In my household, there are two major Chinese celebrations held each year. The first is, of course, Chinese New Year—a time when “gong xi fa cai” can be heard, along with the undeniable “penge tikoy”. The second (and my personal favorite of the two) is the Mid-Autumn Festival. It’s held in September and is often called the Moon Festival or the Mooncake Festival. Aside from celebrating by eating mooncakes and playing the dice game with family, I remember being enamored by this particular festival because of the myth surrounding it. My grandparents told me that there was a beautiful maiden who lived on the moon who could sometimes be spotted at this time of the year. I remember always sitting by the window on car rides home, staring at the moon to try and get a glimpse of her.
While I never did manage to catch the elusive moon lady, I was quite excited to see her story come to life in Daughter of the Moon Goddess. This debut fantasy novel of Sue Lynn Tan leans heavily on Chinese myths, expanding them and creating an entire realm where all sorts of magical beasts and beings collide and collude with one another.
We are introduced to this new world through the eyes of the main character, Xingyin, whom the book is named after. She and her mother Chang’e have lived peacefully on the moon for years, unable to leave but happy in the quiet solitude together. What Xingyin doesn’t realize, however, is that her mother was sentenced to a lifetime of imprisonment on the moon, and that her own existence as Chang’e’s daughter is being kept a secret from the entire realm. As she grows older, she learns more of her past and her magic begins to grow stronger, putting her at risk of being discovered. She is forced to flee the solace of her home and thus begins her journey in the Celestial Kingdom.
A world away
Xingyin’s story takes place on the Immortal Realm, where things flow differently from that of the mortal one we inhabit. Despite my initial excitement, I did find this new world difficult to fully grasp at first. I had many questions about how life spans worked (an immortal can still die), how the different courts and nations existed in relation to each other (there was one ruling kingdom, but others that opposed it), and how the immortals wielded their magic (element-focused like Avatar but fueled by energy like chakra in Naruto). There was a lot to take in and get used to, and I felt that I only really understood how things operated when I was about a hundred pages into the book.
While it did seem to have a slow start for me, I did feel myself getting pulled into the story more by the second act. Sue Lynn Tan spins in tropes and characters that are familiar to us—the jealous and spiteful empress, the gentle and protective best friend-turned-maybe-lover, the tall, dark, and handsome second male lead, and the strong and skilled female main character who learns how to fight. While I believe that not everyone would find such cliches particularly interesting, I also found these helped ground the book and its overarching story better into the myths they are based on. It tries to stay somewhat faithful to these legends, which makes it understandable that these familiar relationships, characters, and storylines exist.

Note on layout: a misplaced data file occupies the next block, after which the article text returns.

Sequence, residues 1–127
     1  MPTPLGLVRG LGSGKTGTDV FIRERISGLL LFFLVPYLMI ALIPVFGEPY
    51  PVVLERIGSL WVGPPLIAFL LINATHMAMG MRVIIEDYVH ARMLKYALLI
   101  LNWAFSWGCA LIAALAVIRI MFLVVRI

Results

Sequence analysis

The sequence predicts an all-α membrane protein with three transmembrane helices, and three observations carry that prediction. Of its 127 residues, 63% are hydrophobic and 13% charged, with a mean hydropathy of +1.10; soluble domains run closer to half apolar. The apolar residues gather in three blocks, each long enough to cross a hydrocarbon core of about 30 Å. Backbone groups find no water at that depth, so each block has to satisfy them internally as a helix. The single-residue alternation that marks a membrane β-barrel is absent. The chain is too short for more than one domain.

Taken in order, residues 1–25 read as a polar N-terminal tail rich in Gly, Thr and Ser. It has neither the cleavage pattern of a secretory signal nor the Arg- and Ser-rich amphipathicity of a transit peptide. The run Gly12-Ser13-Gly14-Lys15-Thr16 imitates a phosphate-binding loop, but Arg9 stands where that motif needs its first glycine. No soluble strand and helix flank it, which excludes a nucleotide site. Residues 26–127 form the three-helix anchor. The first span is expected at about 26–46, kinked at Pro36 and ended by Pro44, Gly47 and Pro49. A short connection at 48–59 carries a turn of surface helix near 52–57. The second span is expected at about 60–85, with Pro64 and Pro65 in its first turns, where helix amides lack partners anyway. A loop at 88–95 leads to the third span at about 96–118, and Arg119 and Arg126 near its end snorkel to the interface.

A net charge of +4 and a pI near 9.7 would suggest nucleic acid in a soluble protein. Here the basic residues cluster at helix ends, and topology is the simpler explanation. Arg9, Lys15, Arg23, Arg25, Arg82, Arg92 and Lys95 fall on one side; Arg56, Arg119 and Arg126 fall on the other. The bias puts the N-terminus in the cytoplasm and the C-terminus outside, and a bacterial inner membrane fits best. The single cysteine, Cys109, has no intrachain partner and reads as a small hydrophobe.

Swords and high stakes
—Arguably there are more bows and arrows in this novel, but anyway, that’s not the point here. In order to survive and find her way back to her mother, Xingyin learns how to wield her magic and fend for herself. She becomes a recognized fighter and archer, using her skills to try to win back the freedom of her family. The battle scenes in the book are written with such vivid and clear strokes and were the parts in the book for me that were most exciting. The enemies Xingyin needed to fight were never simply struck down by an all-powerful magical strike, but ones that she felt real terror in facing and was left rather bloodied by. Her enemies were sizeable, and the stakes were always high in each battle.
Aside from this, I personally found myself turning the pages because of the overall plot. I was invested in the choices Xingyin would make and where she would end up going (and who she’d end up with). There were portions in the book where I felt like I knew what was going to happen, only to be proven wrong in a surprising and welcome way. Reading the book felt a lot like watching a fantasy action-adventure drama/anime that was packed with beasts to slay, rebellions to quell, and romantic advances to swoon over.
For those interested in training montages, the classic friends-to-lovers trope, and a story packed with drama, tea, and dragons, you might want to give this book a shot. Once you’re able to settle into it, you’re served a novel dense with action and magic—so much that you almost wouldn’t believe that this was only part one of a two-book series.
Jody is discovering everyday the greatest bits about reading and learning that fuel our thinking. When she’s not drowning in readings for class, she drowns herself in music, books, and the wonders of the Internet. You can find her on Instagram @ohfishness.
[Thoughts and views expressed in this article are those of the author and do not necessarily reflect the views of Fully Booked. Then again, we love our authors anyway.]